Friday, September 14, 2012
Writing Papers, Unions, and Who Wants to Be a Millionaire
That was a really ugly football game last night. The only thing Jay Cutler excelled at was chewing out his linemen and sulking on the sideline. He is a class act. But I've said it before and I'll say it again, Mike Tice should never rise above offensive line coach.
Sometimes writing a paper is like a dance. Each sentence seems to flow into the next, a rhythm develops, and soon you are lost in the music of it all. Sometimes writing a paper is like a street brawl. It gets ugly fast and you use whatever is at hand to bludgeon the opponent to death. And when the fight ends, you stand maniacally laughing over the lifeless carcass before you wonder what people will think when they see this cadaver/paper. This last paper I wrote was a street brawl. I might have lost a tooth on page 4.
One of the small things I miss about Chicago is that it was so solidly blue we never had to watch political ads. Here I'm watching a constant stream of attacks, feel-good stories, half-truths, and poorly-scripted conversations with "real people."
So, I am some issues with teacher's unions. I student taught/substitute taught with many bad teachers who had not changed their curriculum in 15-20 years (I did see Leningrad (you know, the city that changed its name back to St. Petersburg after the USSR fell in 1989) on a longitude and latitude test in 2006) and deserved to get fired but had tenure and protection from the teacher's union. That being said, I also understand that teachers in Chicago are underpaid, under-appreciated, and don't deserve to be evaluated based on standardized tests, which are horrible assessments that don't tell you much about how good a teacher is. Also, students in Chicago deserve better than 350 social workers who have a case load of around 1000 students. They deserve rooms that aren't 95 degrees and falling apart. And with the practices of big corporations lately, I no longer believe that companies/governments will make the right decision because it is right; they're too concerned with the bottom line. So, with all that said, one of my favorite folk songs:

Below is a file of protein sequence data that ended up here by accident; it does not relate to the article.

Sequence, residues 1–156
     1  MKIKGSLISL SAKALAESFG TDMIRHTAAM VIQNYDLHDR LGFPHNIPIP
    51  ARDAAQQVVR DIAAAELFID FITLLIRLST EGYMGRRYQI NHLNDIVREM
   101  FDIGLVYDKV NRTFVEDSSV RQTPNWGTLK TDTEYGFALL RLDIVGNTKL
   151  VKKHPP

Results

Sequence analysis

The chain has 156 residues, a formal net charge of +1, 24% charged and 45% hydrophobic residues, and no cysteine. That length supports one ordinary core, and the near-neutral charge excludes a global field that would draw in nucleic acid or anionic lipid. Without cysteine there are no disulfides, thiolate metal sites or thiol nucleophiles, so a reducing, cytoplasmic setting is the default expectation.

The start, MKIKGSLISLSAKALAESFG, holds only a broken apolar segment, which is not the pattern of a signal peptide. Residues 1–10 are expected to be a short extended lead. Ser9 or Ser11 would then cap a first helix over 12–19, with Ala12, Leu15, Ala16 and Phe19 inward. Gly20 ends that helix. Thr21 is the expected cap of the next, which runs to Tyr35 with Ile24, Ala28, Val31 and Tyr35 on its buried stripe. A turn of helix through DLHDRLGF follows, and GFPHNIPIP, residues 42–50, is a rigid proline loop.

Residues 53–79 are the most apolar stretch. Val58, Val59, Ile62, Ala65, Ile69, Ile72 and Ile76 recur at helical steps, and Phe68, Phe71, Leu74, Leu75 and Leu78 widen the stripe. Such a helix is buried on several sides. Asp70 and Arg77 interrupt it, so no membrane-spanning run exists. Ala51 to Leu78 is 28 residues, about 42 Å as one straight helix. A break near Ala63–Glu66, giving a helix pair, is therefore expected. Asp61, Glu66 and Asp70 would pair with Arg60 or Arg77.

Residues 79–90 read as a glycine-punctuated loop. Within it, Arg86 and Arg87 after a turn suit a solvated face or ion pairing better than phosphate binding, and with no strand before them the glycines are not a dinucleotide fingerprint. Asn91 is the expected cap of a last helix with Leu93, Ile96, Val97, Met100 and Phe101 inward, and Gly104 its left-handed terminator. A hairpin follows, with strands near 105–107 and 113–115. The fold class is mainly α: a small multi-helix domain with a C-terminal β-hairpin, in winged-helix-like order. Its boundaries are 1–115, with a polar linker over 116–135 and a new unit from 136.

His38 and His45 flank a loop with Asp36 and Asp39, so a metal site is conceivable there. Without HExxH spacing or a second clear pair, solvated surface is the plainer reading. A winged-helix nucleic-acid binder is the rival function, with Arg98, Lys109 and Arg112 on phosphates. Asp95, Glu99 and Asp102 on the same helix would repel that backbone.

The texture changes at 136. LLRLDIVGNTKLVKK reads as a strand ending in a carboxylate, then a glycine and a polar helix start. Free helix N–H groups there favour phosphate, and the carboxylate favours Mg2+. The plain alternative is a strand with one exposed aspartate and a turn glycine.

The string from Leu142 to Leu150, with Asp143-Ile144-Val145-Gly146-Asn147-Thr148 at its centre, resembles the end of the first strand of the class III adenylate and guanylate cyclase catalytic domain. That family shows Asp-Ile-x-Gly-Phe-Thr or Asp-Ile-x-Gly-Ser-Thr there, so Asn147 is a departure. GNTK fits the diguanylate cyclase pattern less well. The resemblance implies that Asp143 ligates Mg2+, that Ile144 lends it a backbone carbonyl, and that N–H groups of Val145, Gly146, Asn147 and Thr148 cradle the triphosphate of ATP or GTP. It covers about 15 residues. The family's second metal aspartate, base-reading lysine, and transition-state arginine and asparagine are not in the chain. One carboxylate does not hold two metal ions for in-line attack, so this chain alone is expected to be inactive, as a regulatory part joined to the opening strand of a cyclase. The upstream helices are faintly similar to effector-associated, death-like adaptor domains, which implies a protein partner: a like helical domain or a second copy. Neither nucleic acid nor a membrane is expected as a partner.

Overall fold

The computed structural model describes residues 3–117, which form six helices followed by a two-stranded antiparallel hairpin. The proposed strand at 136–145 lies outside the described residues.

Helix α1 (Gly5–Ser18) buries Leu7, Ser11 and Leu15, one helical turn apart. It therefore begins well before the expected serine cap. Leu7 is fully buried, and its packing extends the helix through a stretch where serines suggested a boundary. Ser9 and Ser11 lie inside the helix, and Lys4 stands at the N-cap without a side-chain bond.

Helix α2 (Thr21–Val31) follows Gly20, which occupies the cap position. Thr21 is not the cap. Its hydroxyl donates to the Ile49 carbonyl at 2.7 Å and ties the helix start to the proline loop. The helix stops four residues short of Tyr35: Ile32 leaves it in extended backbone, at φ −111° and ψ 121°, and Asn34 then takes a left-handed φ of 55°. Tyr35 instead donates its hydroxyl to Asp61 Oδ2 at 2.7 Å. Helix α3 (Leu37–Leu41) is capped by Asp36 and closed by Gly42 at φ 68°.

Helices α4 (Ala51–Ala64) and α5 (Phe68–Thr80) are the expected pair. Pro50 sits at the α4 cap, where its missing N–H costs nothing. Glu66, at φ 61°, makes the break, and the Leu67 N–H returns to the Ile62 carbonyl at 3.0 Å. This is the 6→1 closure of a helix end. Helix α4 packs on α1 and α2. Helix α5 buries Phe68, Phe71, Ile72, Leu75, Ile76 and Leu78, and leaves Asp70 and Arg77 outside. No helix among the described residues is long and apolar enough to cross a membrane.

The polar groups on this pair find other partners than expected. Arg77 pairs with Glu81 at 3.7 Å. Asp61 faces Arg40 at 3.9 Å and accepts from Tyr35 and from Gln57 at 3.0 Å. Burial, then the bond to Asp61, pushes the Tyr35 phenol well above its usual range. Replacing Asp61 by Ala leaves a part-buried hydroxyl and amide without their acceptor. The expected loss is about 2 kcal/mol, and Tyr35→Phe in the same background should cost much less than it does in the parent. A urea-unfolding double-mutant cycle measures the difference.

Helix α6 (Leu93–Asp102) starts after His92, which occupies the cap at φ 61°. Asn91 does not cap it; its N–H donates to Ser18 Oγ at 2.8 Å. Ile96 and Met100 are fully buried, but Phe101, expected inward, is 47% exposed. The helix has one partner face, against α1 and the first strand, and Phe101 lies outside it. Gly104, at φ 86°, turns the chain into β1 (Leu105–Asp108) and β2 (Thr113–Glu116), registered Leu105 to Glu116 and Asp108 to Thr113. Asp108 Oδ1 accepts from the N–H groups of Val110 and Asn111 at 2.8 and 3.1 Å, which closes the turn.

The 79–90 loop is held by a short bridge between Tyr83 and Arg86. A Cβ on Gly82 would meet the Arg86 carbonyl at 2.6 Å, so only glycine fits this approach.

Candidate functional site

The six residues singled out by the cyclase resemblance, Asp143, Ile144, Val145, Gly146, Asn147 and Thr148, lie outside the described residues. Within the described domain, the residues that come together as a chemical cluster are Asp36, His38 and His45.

Nothing is worse than a bad contestant on "Who Wants to Be a Millionaire?" It's embarrassing and uncomfortable for everyone. "The Pentagon's a big square, so that doesn't have a big hump." Say that one more time...the pentagon's a big square. That's like saying the octagon's a big triangle.
Okay, I'm going to practice my sermon. If you're in the greater Boston area this Sunday, come on over to Trinity Covenant Church in Lexington at 10:45! Later.